Halley's Comet (partial orbit) and Comet Encke (full orbit).The stepping points are distributed around the orbital tracks in accordance with Kepler's second law. See Beech (2007) and the article by Bailey, Asher and Christou The Human Orrery in, Astronomy and Geophysics 46-3, pp 21-35 (2005).
Additional lost cometaria
Kile's cometarium - this very large cometarium was on display in New York during the early part of 1832, and is briefly described in the small pamphlet Cometarium, or the astronomy of comets written and published by Gilbert Vale. Thisstationary cometarium was designed to describe the orbit of Comet Biela.See, On two lost American cometaria.
The cometarium by James Dean. This device is described in the Memoirs of the American Accademy of Arts and Science 3, pp. 344-345 (1815). The device realy showed the variation in the equation of center for an object moving along an elliptical orbit. At least one copy of the device was constructed by clock maker Aaron Willard Jr. See, On two lost American cometaria.
1. Description: Length 50-cm, width 39-cm, height 11.5-cm. "The instrument ... forms the top of an oak box and has a glass cover. There are two dials: the upper one gives hours and minutes; the lower one shows the motion of the comet. When the handle is turned a brass pointer moves round each of the dials. The upper dial shows equal arcs being covered in equal times; the lower pointer consists of a brass rod on which slides the ball representing the comet. The tip of the pointer moves over the circle representing the great circle of the heavens, while a groove carries the comet in an elliptical path, giving equal areas in equal times but not equal arcs. The Sun is represented by a large brass ball at the centre. Strangely, the upper dial is divided into 24 but the lower one is divided into 22". Details from Public and Private Science by A. Q. Morton and J. A. Wess (OUP, Oxford, 1993. pp. 160-161). See also by the same authours The Historical Context of the Models of Stephen Demainbray in the King George III Collection [Journal of the History of Collections, 7(2), 1995. pp. 171-178].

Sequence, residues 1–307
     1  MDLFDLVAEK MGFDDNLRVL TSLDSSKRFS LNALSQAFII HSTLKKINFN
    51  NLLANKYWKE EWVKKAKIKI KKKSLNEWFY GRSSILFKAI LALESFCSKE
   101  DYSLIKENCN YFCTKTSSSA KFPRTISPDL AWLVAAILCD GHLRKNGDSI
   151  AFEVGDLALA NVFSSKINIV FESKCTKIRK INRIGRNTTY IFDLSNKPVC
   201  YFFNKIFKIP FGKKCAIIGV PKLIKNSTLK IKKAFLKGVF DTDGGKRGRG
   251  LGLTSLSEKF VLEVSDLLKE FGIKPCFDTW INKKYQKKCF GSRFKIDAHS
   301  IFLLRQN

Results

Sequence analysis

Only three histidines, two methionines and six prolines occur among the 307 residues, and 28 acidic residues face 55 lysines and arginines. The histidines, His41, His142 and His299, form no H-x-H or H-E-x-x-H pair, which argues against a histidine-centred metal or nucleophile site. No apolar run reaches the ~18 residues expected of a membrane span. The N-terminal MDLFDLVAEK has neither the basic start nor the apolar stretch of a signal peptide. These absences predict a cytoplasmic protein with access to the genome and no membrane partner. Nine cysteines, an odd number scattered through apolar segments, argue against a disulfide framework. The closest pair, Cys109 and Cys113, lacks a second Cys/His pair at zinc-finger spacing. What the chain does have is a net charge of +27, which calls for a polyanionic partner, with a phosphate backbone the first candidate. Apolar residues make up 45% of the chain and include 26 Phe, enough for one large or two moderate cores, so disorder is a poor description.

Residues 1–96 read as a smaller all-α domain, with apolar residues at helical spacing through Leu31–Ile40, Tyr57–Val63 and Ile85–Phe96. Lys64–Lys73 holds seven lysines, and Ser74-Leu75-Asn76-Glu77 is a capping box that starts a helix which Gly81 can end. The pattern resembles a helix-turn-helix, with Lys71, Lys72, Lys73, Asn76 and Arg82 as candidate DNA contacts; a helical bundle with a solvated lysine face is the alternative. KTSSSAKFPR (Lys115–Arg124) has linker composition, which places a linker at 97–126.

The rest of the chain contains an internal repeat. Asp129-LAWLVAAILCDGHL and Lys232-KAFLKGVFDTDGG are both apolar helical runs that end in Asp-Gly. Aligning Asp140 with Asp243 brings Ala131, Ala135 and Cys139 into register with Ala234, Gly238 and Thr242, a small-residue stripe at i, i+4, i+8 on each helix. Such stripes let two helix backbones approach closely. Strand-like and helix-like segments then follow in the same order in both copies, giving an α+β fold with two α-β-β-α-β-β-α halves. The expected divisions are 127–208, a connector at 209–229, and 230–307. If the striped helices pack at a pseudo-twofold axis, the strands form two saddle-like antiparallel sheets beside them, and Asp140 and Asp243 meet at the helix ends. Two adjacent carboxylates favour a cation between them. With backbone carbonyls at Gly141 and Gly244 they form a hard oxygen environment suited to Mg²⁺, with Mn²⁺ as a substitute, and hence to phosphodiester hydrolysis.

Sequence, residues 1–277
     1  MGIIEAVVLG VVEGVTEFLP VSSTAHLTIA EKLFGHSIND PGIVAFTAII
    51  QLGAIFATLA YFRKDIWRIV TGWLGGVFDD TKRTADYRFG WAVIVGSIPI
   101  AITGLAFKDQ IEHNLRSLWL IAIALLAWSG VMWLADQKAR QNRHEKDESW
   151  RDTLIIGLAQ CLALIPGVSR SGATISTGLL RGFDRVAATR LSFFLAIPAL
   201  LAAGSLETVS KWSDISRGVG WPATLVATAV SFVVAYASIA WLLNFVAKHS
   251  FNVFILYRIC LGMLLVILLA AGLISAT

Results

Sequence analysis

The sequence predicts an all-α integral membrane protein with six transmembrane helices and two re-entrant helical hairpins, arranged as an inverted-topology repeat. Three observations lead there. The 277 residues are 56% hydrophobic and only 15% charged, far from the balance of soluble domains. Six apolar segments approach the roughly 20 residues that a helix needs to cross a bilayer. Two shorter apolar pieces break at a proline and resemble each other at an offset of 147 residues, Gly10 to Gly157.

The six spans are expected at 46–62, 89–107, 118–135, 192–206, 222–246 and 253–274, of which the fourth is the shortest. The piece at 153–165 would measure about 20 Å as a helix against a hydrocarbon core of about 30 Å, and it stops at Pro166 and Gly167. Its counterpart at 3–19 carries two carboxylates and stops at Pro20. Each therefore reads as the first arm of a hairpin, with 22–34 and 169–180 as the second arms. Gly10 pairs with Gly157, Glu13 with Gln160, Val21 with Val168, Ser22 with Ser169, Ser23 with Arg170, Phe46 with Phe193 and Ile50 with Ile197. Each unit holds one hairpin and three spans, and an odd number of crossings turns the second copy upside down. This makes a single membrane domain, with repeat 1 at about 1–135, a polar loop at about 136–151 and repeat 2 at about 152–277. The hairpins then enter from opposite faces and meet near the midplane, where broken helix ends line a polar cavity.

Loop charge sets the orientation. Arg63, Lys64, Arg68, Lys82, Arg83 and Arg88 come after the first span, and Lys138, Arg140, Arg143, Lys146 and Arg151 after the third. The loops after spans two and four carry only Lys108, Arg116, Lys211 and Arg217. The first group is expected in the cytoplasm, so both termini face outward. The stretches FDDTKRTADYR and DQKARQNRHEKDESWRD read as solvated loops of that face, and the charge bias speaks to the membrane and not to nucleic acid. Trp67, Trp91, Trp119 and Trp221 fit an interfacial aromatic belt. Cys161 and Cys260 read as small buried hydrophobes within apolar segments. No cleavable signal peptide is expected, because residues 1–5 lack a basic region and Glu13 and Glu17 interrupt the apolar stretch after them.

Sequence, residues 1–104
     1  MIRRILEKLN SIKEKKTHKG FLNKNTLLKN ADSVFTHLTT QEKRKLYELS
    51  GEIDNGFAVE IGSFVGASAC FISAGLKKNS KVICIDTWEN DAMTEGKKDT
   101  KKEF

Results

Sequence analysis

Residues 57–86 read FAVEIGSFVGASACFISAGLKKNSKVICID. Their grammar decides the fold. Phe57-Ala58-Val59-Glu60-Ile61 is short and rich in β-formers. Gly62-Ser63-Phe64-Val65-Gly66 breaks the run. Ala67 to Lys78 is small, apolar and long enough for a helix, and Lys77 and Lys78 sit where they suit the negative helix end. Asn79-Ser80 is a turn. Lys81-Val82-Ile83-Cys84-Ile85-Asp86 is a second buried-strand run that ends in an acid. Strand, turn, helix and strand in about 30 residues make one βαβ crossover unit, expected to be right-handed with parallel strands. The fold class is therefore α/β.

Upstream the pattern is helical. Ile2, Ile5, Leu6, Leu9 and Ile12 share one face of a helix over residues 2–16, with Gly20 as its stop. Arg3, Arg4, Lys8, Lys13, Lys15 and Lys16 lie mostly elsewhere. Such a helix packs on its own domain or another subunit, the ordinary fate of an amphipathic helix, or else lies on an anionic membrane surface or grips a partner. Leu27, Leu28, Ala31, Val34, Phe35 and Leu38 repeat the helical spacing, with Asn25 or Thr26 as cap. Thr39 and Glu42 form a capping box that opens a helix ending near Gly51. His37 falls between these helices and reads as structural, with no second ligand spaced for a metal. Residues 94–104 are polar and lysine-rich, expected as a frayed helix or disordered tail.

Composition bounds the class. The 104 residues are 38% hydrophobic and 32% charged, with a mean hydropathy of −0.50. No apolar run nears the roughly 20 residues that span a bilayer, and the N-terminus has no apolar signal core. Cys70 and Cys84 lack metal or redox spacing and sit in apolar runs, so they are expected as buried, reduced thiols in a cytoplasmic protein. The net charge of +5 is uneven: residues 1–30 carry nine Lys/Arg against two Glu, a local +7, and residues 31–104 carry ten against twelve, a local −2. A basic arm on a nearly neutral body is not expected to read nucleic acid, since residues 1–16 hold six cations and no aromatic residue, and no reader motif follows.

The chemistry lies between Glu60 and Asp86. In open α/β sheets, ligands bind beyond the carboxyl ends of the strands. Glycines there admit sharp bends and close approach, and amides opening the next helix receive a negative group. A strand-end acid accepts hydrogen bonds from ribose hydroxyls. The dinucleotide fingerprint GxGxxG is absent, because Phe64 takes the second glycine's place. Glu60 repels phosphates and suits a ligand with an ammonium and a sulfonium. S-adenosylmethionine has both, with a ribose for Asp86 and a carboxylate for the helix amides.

2. Description: "Overall dimensions: 9-cm high, 22-cm wide, 15-cm long. A rough metal box 9.8-cm wide, 15.2-cm long, 1.3-cm deep, with cover hinged at one end, fastened by hasp at opposite end; small dial with one hand; oval inner ring; larger outer circle, all of brass, on outside of cover, operated by mechanism inside of box. Iron tripod to support box. Maker's signature [J. Rix] marked on oval brass plate in center of box top. Apparatus in damaged condition when acquired. Restored in the museum in early 1960's. Box is bluish green, with an antiqued finish. Iron legs pitted from rust (rust now removed). Weight of instrument is 435 grams (15.3 oz.)". Information from the curator of Physical Sciences Collection, Smithsonian Institution. An image of the cometarium can be found on the Instruments For Natural Philosophy webpage by Professor T. B. Greenslade, Jr (follow the Astronomy link).